Friday October 18, 2019

Views About Uncommitted Sex Can Put Your Marriage at Risk

Moreover, people who had relatively unrestricted partners experienced more rapid declines in satisfaction over the first several years of marriage, which ultimately predicted dissolution

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The Ministry of Women and Child Development (WCD) on Tuesday said it has decided to issue another Look-out Circular (LoC) in a NRI matrimonial dispute.

An individual’s premarital views about uncommitted sex, such as one-night stands or casual sex, may make it more difficult to remain blissfully married, suggests a new study.

Published in the journal Psychological Science, the research outlines several factors that can contribute to a marriage’s long-term happiness or dissolution, including one big red flag: An individual’s behaviour and attitude about uncommitted sexual relationships even before the marriage.

“Marital satisfaction generally declines over time, but what we’ve found is that when, prior to their marriage, one or both spouses hold generalised beliefs that uncommitted sex is OK, that can contribute to the failure of a marriage,” said the study’s first author Juliana French from Florida State University.

For the study, the research team collected and analysed data from 204 heterosexual, newly married couples.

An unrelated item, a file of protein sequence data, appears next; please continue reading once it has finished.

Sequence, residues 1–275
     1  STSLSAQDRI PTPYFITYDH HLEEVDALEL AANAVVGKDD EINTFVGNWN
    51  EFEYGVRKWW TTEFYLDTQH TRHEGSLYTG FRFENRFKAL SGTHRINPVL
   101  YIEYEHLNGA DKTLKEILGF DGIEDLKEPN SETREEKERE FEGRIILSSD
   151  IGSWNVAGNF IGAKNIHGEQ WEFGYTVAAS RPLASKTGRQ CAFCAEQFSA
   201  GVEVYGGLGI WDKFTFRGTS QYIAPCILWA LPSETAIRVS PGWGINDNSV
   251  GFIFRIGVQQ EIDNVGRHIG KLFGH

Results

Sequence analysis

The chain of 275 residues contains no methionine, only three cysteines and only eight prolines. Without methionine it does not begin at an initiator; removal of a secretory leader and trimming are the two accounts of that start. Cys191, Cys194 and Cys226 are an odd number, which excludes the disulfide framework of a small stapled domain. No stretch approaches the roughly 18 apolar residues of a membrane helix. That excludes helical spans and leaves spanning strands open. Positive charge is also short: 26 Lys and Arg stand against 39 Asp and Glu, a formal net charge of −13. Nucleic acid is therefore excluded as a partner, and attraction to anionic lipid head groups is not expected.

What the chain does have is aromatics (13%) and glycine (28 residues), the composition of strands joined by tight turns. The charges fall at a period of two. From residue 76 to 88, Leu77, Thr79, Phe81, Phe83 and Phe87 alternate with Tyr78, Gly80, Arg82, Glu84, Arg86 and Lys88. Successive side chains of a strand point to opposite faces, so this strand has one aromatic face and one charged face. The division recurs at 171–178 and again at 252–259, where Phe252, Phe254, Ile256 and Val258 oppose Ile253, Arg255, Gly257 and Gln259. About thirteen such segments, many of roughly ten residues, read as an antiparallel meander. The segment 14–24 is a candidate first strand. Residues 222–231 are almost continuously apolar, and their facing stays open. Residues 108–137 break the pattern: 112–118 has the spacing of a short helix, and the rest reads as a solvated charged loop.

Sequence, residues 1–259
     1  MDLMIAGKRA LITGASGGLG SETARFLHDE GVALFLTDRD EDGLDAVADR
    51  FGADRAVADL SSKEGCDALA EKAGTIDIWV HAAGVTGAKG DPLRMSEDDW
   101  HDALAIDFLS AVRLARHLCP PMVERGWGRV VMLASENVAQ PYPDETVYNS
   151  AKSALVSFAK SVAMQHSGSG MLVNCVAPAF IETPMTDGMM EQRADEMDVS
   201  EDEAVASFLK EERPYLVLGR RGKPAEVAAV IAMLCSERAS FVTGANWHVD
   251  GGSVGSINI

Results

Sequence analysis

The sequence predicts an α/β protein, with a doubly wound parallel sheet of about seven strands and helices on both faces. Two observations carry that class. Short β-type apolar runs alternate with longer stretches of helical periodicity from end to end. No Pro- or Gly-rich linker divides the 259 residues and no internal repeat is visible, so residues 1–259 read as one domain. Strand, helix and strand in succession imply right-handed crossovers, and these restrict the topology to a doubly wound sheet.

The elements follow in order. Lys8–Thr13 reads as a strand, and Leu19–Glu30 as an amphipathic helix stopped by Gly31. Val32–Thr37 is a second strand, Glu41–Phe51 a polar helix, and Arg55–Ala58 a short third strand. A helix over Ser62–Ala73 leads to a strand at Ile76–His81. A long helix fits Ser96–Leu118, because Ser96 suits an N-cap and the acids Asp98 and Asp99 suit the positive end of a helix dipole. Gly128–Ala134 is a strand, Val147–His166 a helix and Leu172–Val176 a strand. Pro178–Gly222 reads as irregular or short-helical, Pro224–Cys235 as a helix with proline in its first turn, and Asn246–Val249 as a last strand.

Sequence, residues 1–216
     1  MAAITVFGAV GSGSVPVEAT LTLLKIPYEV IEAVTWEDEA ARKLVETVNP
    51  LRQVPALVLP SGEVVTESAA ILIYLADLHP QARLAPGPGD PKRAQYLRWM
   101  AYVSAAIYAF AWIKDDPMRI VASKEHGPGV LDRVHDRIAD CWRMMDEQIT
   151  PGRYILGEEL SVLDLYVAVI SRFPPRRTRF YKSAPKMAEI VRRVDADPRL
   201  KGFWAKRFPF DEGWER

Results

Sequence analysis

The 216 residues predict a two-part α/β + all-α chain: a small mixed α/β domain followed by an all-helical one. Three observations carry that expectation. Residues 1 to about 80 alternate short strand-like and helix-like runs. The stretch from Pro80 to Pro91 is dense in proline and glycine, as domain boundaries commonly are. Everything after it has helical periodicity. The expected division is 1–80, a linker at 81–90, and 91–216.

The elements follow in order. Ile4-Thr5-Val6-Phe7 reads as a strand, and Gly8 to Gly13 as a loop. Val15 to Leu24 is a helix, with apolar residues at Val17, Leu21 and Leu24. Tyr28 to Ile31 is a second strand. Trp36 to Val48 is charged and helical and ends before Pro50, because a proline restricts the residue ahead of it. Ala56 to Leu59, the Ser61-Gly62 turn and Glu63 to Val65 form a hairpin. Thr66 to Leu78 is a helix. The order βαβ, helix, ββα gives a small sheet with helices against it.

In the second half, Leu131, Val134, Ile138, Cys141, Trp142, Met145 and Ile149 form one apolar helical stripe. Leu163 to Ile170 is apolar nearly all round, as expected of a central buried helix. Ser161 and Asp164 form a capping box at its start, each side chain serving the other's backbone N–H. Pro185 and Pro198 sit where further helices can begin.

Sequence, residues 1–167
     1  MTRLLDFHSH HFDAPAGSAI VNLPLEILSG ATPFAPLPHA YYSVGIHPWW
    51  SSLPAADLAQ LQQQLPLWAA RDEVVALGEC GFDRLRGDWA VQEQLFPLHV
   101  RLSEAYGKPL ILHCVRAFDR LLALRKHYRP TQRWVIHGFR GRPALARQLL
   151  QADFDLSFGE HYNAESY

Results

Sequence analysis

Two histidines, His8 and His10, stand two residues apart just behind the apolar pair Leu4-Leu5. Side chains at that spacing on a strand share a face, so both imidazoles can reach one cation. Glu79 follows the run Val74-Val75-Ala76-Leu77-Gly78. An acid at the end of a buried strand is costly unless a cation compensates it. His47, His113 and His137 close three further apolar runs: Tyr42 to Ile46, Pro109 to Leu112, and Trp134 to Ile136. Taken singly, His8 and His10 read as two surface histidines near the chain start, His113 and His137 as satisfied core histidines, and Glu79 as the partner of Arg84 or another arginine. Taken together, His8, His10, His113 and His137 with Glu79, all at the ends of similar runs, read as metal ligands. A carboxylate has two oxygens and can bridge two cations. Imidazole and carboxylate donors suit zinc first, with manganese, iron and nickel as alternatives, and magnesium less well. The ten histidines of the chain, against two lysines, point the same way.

They collected information on their behaviours and attitudes prior to the marriage as well as numerous factors related to their new marriages including marital satisfaction.

Over the course of several years, researchers followed up with couples to collect information about their marital satisfaction and cataloged data on which couples separated or filed for divorce.

Sex, married couples
For the study, the research team collected and analysed data from 204 heterosexual, newly married couples.

In this study, the researchers focused on the degree to which people expressed “unrestricted sociosexual” behaviours, desires and attitudes prior to marriage, which indicated that they were more likely to engage in uncommitted sexual relationships such as one-night stands and generally believed that sex without love is okay.

Of the couples involved in the study, people who were relatively unrestricted were less satisfied at the start of their marriages.

Moreover, people who had relatively unrestricted partners experienced more rapid declines in satisfaction over the first several years of marriage, which ultimately predicted dissolution.

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“What we found most surprising about these results was the fact that both couple members’ sociosexuality play an important role in long-term, marital outcomes,” French said.

“We found evidence suggesting that couples who maintain a consistent, satisfying sexual relationship or couples who maintain low levels of stress are buffered against these negative outcomes,” French added. (IANS)

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2 Drinks a Day Put Adults at a Higher Risk of Developing Dementia

If you drink nearly 14 drinks per week (2 drinks per day), you may be at a higher risk of developing dementia than those who enjoy drink a week